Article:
Last Christmas I wrote a sketch for the services at our church. It was called, “Maybe next year.” A guy talked about growing up as a Cubs fan, living with expectant resignation (or resigned expectation). There was always the hope that maybe, just maybe, this would be the year.

We were done with the morning, and everyone had done incredibly well with their parts. It was the time for the last of us to walk across the parking lot.  My boss got to his car and turned and thanked me for my work. My immediate response was to start talking about Easter, to begin the planning for the next big thing in the church calendar.

He told me to stop.

We live, some of us, with a sense of desperation. There is a hole in our hearts that needs to be filled with … something. We have a dream that will change everything, we are sure. If we pull this thing off, all will be well. If we can just….

And then we ache, right after our greatest success.  “The adrenaline is wearing off,” we tell ourselves. “Lack of sleep,” we assure others of the reason for our sudden crankiness. After leaning into the wind, it is hard to stand up when it stops.

When I find myself looking for the next thing to do, when I find it impossible to wind down from being constantly connected, when I am looking for a list of things that I have completed to prove that I’m really not taking time off, I’m really not being unproductive…I realize that I am getting my value from my busyness, from my ability to impress people with my ability.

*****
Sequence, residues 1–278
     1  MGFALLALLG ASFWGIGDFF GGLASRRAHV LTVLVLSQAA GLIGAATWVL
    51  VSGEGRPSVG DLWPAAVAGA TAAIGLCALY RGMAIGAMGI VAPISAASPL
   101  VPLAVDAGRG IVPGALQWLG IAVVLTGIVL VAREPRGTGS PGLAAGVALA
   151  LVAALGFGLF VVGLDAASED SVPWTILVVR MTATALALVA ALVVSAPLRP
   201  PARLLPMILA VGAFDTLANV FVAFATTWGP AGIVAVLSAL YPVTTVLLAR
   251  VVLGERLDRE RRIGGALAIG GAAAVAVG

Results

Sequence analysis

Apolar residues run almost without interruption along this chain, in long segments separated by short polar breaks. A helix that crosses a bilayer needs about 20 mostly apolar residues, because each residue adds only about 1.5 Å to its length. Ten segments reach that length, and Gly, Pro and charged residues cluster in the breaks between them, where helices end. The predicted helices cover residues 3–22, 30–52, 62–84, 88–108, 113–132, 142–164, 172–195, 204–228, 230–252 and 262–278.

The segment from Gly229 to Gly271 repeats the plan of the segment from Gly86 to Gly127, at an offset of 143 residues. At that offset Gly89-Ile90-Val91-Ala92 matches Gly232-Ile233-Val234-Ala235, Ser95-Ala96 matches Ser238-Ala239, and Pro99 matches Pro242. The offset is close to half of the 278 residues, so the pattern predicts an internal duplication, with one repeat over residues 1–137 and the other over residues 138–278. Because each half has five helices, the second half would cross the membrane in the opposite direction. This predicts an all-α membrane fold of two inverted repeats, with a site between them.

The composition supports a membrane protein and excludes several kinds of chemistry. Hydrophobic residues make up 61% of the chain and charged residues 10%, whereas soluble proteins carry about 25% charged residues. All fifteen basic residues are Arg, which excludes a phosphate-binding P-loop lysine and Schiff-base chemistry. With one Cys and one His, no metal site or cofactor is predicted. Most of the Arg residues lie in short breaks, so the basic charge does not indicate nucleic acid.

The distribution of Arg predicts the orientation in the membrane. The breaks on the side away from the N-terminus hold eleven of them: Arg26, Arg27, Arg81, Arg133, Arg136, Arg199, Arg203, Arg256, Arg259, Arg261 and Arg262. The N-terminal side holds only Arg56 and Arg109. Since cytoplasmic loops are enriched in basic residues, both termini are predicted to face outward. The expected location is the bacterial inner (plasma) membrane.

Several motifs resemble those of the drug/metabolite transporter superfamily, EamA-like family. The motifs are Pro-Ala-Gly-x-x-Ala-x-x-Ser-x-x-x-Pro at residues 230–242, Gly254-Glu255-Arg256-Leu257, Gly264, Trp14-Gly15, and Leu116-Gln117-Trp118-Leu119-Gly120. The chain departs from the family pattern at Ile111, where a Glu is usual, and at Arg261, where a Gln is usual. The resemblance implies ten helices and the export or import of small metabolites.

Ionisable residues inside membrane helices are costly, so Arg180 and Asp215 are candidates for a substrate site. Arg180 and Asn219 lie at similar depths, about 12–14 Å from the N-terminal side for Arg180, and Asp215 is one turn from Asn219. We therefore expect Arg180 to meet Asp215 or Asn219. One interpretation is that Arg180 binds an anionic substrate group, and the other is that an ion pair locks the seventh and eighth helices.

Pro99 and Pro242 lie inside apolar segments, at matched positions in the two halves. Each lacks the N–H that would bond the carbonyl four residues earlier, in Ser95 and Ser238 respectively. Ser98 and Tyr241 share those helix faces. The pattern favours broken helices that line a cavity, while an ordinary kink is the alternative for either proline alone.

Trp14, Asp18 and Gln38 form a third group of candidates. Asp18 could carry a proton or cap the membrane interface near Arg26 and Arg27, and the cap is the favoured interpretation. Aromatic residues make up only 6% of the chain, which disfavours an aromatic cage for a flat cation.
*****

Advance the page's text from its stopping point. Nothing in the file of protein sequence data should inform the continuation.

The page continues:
And that runs contrary to everything I believe to be true about God and His work.

I am constantly telling people that God wants to heal us and help us. That He made us and loves us. That He cares for and about us. I constantly talk about grace and peace. Is there a place for obedience? Absolutely, but not to a cop or a crackpot. Obedience to someone who loves me.

And then, in the midst of this teaching others about grace, I find myself wasting immense energy trying to do just the right thing. When the right thing is, at time, just sitting and waiting.

I don’t want to end this Christmas like last year, experiencing an event that serves as a the new record which must be beaten in the next holiday competition. More than presents, I want to know the Presence.

Maybe…this year.


For more on a journey through anticipation, join me at advent2007.wordpress.com


One response to “Potential

  1. As a wiser man than I once said, “Be still, and know that I am God.” Nuff said?